The offense, though… less so much. After Rivers, there is Travis Benjamin… and then a whole lot of the opposite of serene tacos. More like stressed out tofu salads. Ryan Matthews is in a better position than usual because he’s not an injury risk… but that’s because he doesn’t have a job. The running back with the closest thing to an opportunity is Troymaine Pope. Antonio Gates is still alive and back for more, but has certainly lost a step and Gavin Escobar hasn’t picked one up. The lackluster receiving group of Stevie Johnson, Jermaine Kearse, and Justin Hunter isn’t saving anyone.
It’s not a bad Chargers team – it has a decent defense. But the 2017 edition of LA reminds me of the last few editions of Indy – a quarterback, a solid defense, and an offense that could average 30 a week. It’s enough to be competitive and annoying many weeks – but not enough to contend for a division championship.
Denver Broncos (6-10): Joining the Chargers in the “teams that are solid enough to be competitive, but not strong enough to win a division” division are the Denver Broncos. The Broncos do have some really promising puzzle pieces, but their hopes took a major hit when Paxton Lynch lost the starting job. it’s hard to compete in this league without a starting QB.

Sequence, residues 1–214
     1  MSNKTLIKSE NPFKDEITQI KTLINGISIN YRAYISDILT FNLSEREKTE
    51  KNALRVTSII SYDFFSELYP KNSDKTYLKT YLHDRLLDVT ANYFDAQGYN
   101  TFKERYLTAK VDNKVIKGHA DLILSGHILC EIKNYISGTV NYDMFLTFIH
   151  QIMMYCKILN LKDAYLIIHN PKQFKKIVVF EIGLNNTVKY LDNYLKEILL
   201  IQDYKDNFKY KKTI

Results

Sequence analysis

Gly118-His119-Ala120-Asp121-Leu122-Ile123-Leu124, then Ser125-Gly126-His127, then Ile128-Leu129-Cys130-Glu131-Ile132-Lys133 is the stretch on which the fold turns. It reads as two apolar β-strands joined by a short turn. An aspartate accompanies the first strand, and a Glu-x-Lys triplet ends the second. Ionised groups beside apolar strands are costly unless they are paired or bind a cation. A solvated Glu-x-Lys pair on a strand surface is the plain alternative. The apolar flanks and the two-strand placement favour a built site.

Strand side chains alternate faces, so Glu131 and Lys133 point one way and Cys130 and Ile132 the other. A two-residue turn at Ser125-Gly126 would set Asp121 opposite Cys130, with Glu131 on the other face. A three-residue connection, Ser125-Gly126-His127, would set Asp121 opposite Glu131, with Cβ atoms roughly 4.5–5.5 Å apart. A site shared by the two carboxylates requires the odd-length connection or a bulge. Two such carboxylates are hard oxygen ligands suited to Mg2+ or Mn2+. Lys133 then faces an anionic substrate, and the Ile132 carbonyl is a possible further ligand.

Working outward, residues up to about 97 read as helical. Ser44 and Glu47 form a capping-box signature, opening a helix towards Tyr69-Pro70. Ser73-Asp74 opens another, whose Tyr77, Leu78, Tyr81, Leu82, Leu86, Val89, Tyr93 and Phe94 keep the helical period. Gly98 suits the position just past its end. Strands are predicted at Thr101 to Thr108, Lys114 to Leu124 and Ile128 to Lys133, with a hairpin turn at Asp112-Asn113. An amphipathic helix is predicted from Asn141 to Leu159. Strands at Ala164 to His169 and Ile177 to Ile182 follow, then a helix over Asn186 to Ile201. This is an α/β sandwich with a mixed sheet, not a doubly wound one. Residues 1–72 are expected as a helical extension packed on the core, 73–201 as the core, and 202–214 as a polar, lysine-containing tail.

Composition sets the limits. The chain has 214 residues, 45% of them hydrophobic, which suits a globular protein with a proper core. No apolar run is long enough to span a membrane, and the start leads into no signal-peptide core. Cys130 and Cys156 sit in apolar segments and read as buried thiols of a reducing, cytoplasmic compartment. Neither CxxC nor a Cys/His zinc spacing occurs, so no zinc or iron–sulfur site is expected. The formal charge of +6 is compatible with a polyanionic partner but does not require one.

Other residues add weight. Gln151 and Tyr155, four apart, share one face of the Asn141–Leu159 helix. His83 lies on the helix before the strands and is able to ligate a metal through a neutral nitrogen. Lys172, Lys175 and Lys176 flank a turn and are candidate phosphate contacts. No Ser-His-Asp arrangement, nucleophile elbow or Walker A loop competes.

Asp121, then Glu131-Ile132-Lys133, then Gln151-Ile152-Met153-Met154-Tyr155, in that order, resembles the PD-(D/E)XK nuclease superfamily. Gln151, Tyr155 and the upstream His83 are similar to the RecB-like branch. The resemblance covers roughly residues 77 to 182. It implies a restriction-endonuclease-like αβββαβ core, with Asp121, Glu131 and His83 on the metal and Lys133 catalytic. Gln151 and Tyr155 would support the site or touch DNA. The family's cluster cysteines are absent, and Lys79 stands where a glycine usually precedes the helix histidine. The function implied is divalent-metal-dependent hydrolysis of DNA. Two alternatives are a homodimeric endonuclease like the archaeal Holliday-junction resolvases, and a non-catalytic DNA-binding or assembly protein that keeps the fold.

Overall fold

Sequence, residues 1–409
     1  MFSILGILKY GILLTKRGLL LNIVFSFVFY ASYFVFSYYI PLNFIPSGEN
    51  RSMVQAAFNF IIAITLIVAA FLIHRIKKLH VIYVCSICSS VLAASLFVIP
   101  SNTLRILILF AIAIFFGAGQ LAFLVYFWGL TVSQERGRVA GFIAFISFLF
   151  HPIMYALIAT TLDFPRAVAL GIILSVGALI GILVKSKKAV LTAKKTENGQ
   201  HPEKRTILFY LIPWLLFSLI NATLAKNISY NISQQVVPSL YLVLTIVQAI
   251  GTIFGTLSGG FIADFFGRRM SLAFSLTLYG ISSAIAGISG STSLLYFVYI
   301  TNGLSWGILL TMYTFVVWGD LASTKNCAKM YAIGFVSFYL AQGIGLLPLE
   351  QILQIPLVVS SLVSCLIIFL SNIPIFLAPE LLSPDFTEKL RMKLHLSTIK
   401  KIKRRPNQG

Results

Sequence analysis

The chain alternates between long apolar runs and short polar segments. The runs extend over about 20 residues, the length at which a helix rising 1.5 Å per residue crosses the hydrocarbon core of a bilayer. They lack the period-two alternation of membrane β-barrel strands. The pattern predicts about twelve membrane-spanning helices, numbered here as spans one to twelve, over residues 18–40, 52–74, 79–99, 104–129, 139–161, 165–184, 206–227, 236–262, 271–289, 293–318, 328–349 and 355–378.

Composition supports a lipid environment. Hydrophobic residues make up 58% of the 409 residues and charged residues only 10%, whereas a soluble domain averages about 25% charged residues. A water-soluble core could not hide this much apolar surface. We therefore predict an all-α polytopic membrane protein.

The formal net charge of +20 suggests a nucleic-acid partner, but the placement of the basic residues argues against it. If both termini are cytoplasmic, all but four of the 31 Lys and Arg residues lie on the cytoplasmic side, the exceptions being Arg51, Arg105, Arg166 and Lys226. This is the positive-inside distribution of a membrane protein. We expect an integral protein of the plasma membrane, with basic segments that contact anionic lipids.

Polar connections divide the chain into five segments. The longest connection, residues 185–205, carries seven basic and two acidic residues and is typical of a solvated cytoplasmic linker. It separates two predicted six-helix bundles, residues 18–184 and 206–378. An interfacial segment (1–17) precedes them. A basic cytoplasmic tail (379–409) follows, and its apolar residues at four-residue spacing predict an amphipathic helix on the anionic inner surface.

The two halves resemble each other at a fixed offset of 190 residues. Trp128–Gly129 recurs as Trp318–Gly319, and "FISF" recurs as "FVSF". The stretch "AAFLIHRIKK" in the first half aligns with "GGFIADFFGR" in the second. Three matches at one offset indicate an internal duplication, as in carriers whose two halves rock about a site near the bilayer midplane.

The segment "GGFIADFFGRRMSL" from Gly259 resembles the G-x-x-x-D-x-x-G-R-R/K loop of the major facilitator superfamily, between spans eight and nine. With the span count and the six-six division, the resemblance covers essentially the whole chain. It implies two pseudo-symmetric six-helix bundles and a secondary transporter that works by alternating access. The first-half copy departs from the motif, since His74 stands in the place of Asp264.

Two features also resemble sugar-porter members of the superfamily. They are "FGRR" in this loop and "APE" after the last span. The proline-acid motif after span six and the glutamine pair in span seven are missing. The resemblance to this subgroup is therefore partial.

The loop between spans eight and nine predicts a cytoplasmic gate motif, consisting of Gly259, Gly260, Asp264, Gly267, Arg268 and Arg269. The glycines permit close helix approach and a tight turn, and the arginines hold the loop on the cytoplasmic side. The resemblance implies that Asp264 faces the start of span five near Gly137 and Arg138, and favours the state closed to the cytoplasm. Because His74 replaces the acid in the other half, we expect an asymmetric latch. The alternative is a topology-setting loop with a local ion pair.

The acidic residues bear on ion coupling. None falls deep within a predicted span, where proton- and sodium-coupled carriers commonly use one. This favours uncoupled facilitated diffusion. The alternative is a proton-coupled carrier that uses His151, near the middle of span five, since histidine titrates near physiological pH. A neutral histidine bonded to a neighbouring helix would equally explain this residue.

Essentially, the Broncos are the anti-chargers (I guess this makes them the run-away-at-a-fast-pacers? The routers? The brave, brave, brave, sir robins? You tell me.). If you combined the two teams, you’d have an unstoppable team. The Chargers have a great QB, the Broncos have a benchwarmer. The Broncos have solid offensive playmakers like Demaryius Thomas, Jack Doyle, Marshawn Lynch, and DeSean Jackson… the Chargers don’t. The Chargers have a fantastic defensive line and an excellent secondary but struggle at linebacker… the Broncos have a fantastic linebacking trio of Ahmad Brooks, Danny Trevathan, and Kyle Van Noy, with Preston Smith at backup, but struggle on the line and have Chris Harris Jr and not a whole lot else in the secondary. I sincerely hope these teams don’t join forces.
Which team do I think is going to play better? Well, the name appeal gives the edge to the Broncos – it’s hard to bet against Demaryius, DeSean, Beast Mode, and Jack Doyle, particularly when guys like Cole Beasley, DeAndre Washington, and Jeff Janis are providing a modicum of production behind them. So that’s my temptation.
But if there’s one thing we’ve learned over the last few years in this league, it is that the better defense usually wins. Indy is competitive every year with Luck and a defense. Teams like Buffalo, Pittsburgh, the Giants, the Chiefs, and even the Lions have won their divisions with defense. There’s just more players and more consistency over a 12 week, 16 game season. Combined with that Paxton Lynch shaped zero at Quarterback, I think Denver faces at least one more year in the cellar – not a pleasant prospect for a team that doesn’t own either its first or second round picks in 2018.